Provenance blockchain completes loan

Provenance blockchain completes loan sale in seconds, not weeks

Transaction paves the way for Figure, the firm that owns Provenance, to settle $100 million in real estate transactions for lender Pacific Private Money in the coming year

A third-party trade that would normally take 20 days has been processed instantly on a blockchain, demonstrating the “significant efficiencies” fintech can bring to the $400 billion real estate loan market. 

Provenance blockchain completes loan
Would you buy a bridge (loan) from Mike Cagney? (Photo: Figure Technologies)

Figure Technologies founder and CEO Mike Cagney said that its Provenance network was used to execute a bridge loan transaction between lender Pacific Private Money and asset management firm Saluda Grade—eliminating the need for intermediaries and reducing the cost, time, and friction involved.

In the real estate market, a bridge loan tides a house buyer over between buying a new house and selling an existing one.

“The short duration transitional bridge loan market is the perfect asset class to benefit from Provenance’s operational efficiencies,” said Ryan Craft, CEO and founder of Saluda Grade. “[L]enders like Pacific Private Money can digitally originate and quickly distribute loan production seamlessly to institutional investors.” 

He added, “We hope to onboard our whole portfolio of alternative lenders to the platform.”

Pacific has committed to making $100 million in loans and sales transactions on Provenance in the coming 12 month, Figure said in a release.

Just the beginning 

Cagney described the successful transaction as a “huge step forward for blockchain technology,” and expressed hope that it could deliver cost savings across the whole real estate loan market.

His is far from the only blockchain company working on disrupting various parts of the real estate market. According to a 2019 report by CB Insights, “How Blockchain Technology Could Disrupt Real Estate,” bringing mortgage loans onto blockchain platforms could save the industry about 20% of its expenses. That’s $1.7 billion. Other areas of interest range from land registries to the tokenization of real estate, allowing small investors access to the market.

Provenance blockchain completes loan
A straight-talking character called Blockchain appears in Figure’s ads (Photo: Figure Technologies)

Figure said that its infrastructure also has the potential to transform the lending experience for consumers, meaning applications can be turned into funding in days instead of weeks or months. 

“Having been in the financial industry for years, it was thrilling to see firsthand how this technology is going to transform financial products of all kinds, bringing speed and cost savings across the entire financial landscape,” said Mark Hanf, CEO of Pacific Private Money.”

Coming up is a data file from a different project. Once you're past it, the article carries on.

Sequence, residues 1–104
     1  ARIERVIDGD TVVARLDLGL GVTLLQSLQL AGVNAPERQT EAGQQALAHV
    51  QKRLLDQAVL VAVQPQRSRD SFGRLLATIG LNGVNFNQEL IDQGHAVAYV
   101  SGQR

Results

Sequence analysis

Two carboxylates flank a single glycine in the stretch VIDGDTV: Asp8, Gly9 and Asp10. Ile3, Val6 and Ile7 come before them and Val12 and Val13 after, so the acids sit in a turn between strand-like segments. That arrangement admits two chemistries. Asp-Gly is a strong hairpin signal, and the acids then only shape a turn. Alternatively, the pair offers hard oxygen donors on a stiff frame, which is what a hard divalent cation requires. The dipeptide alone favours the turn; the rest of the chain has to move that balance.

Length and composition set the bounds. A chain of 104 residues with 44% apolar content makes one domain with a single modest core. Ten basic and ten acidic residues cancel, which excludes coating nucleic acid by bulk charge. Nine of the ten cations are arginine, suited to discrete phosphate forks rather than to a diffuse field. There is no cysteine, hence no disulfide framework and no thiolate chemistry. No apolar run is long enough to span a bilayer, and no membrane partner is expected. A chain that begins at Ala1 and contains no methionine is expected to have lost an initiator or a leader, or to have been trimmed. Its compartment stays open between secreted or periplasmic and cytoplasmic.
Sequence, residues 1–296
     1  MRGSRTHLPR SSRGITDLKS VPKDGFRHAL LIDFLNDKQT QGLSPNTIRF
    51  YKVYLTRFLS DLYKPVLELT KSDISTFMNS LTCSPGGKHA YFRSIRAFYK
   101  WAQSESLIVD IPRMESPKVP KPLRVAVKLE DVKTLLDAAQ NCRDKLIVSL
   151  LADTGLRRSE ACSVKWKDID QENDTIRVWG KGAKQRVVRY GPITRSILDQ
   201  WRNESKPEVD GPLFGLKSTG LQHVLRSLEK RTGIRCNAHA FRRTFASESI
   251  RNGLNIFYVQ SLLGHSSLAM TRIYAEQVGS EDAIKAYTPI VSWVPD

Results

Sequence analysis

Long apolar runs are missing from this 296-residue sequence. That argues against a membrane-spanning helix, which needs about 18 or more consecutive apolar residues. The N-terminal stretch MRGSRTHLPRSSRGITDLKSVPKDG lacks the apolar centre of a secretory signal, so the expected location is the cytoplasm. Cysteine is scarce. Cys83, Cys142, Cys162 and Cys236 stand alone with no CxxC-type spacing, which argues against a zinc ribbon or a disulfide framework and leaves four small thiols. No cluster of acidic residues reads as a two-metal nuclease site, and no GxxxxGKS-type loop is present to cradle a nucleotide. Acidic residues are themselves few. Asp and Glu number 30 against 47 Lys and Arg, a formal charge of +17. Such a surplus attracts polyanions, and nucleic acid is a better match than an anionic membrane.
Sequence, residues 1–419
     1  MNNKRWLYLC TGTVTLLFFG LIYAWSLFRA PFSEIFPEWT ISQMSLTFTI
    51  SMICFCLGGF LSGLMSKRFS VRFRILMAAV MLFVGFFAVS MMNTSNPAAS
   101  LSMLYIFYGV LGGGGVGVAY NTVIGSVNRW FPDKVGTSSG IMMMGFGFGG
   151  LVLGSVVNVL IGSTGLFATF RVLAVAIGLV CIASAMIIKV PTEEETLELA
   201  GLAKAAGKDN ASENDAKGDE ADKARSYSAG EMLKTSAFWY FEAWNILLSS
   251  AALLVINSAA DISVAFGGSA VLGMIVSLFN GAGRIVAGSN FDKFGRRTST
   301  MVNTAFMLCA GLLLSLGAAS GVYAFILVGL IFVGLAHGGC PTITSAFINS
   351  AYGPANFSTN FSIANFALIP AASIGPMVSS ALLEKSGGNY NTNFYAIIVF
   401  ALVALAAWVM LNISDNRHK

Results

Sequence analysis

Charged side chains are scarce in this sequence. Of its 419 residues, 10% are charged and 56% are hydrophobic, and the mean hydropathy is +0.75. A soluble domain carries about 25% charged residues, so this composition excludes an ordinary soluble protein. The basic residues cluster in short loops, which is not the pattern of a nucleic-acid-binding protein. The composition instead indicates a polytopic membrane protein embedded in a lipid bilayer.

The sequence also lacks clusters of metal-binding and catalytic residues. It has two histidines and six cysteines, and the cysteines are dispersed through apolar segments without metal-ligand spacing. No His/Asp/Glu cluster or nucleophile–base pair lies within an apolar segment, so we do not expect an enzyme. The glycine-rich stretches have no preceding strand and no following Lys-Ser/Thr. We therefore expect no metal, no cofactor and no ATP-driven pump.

Saluda Grade, which includes Pacific Private Money in its portfolio, had purchased loans from the company on behalf of third-party investors. The blockchain-based, third-party trade, which took place on May 1, allowed it to take receipt of these funds.

Big savings

According to Figure, Provenance has already handled transactions of more than $1 billion in assets.

In March, the company announced that it had issued what it said in a release was “the first ever securitization backed by loans originated, serviced, financed and sold on blockchain.”

By handling every step of the asset-backed securitization, the fintech said the “collective benefit of blockchain to the parties over the lifecycle of the loans totaled over 100 basis points”—that is, more than 1%.

That lead Figure to estimate that the technology could deliver potential savings of more than $30 billion in the annual securitization market, which is worth $3 trillion.

Figure also offers mortgage and student loan refinancing to the public—adding that it plans to “continuously expand its portfolio of financial products.” It has released television ads in which its blockchain appears as an animated character.

In time, Figure hopes that this expansion will enable the Provenance blockchain to process loans for prominent financial companies worldwide.

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Connor Sephton is a journalist with an interest in cryptocurrencies, personal finance, and financial inclusion—as well as the challenges the crypto industry faces in achieving mainstream adoption. He owns cryptocurrencies.